April 2nd, 2006


Thanks But No Thanks!

FEMA contacted many experienced people in the field of emergency management to consider the vacant position of FEMA director. They all said, "No thanks!" Micheal Chertoff blames the lack of takers on "bad publicity" but people who were offered the job don't see how the problems with FEMA can be resolved going in as part of a lame duck administration. Another problem with the job is that with the post 09/11 changes the FEMA director was downgraded from a cabinet-level position to a department head that reports to Chertoff, Secretary of Homeland Security.

The guy taking the job, R. David Paulison, was not in the running originally even though he was the iterim head of FEMA. Now that no one else wants the job, the administration is offering it to him.

This doesn't make me feel very confident going into another storm season in 60 days.

"The calls went out across the nation, as Bush administration officials asked the country's most seasoned disaster response experts to consider the job of a lifetime: FEMA director. But again and again, the response over the past several months was the same: 'No thanks.'

Unconvinced that the administration is serious about fixing the Federal Emergency Management Agency or that there is enough time actually to get it done before President Bush's second term ends, seven of these candidates for director or another top FEMA job said in interviews that they had pulled themselves out of the running.

'You don't take the fire chief job after someone has burned down the city unless you are going to be able to do it in the right fashion,' said Ellis M. Stanley, general manager of emergency planning in Los Angeles, who said he was one of those called.

Now, with the next hurricane season only two months away, the Bush administration has finally come up with a convenient but somewhat embarrassing solution. Mr. Bush, several former and current FEMA officials said, intends to nominate R. David Paulison, a former fire official who has been filling in for the past seven months, to take on the job permanently...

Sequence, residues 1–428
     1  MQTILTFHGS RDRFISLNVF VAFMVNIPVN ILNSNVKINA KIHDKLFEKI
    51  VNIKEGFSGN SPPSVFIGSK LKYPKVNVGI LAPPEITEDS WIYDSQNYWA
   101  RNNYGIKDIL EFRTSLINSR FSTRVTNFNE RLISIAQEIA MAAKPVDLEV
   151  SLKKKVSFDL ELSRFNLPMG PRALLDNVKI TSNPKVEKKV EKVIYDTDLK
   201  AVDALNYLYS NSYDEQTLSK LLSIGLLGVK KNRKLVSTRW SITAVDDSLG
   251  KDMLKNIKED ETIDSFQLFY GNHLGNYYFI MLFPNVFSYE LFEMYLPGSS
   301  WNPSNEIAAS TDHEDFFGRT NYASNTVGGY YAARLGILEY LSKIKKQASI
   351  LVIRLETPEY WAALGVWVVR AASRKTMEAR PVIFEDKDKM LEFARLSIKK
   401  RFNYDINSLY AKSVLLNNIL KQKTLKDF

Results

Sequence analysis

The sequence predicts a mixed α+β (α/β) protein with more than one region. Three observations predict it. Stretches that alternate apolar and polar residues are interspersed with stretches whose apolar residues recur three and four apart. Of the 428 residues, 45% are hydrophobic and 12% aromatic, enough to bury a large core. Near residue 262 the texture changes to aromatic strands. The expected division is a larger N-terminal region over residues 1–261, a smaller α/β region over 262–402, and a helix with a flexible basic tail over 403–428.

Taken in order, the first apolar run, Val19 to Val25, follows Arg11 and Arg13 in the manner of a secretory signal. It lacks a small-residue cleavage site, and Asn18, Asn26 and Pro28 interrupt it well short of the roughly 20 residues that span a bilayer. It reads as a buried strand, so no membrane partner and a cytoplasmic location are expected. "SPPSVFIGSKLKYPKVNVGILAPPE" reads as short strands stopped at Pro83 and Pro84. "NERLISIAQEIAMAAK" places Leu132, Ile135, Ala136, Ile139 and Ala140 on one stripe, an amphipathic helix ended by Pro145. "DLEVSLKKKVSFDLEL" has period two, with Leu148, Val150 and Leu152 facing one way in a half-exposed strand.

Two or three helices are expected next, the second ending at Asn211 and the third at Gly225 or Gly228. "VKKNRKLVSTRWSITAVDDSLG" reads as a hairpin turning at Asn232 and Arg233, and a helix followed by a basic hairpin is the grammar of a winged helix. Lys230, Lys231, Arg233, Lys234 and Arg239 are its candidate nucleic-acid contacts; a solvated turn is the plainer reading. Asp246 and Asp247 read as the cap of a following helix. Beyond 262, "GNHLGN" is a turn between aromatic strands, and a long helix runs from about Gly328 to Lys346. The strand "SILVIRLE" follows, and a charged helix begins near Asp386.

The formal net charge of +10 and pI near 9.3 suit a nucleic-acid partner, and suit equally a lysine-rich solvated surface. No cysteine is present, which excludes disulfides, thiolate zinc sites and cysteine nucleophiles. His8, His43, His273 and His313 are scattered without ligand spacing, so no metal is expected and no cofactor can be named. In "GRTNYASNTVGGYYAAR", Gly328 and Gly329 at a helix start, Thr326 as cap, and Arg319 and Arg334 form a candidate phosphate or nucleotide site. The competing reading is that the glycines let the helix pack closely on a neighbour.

Homeland Security Secretary Michael Chertoff has acknowledged the difficulty of finding a permanent replacement for Michael D. Brown, who resigned in September after widespread criticism of his management of the response to Hurricane Katrina, as well as filling other senior posts at the agency and hundreds of lower-level jobs. Today, of the 30 most senior jobs, 11 are filled by officials appointed on an acting basis, including the administrators in charge of such critical functions as operations, disaster recovery and disaster response.

'You've got to be able to attract people,' Mr. Chertoff told the Senate Homeland Security and Governmental Affairs Committee last month. 'And I will not deny that certainly I think when there is a lot of negative publicity, it doesn't make a lot of people want to migrate.'

The search has now gone on so long that Representative Harold Rogers, Republican of Kentucky and chairman of the House subcommittee that oversees the Homeland Department's budget, threatened on Wednesday to hold up action on the budget bill until the top administrative posts at FEMA were filled."

NY Times article.
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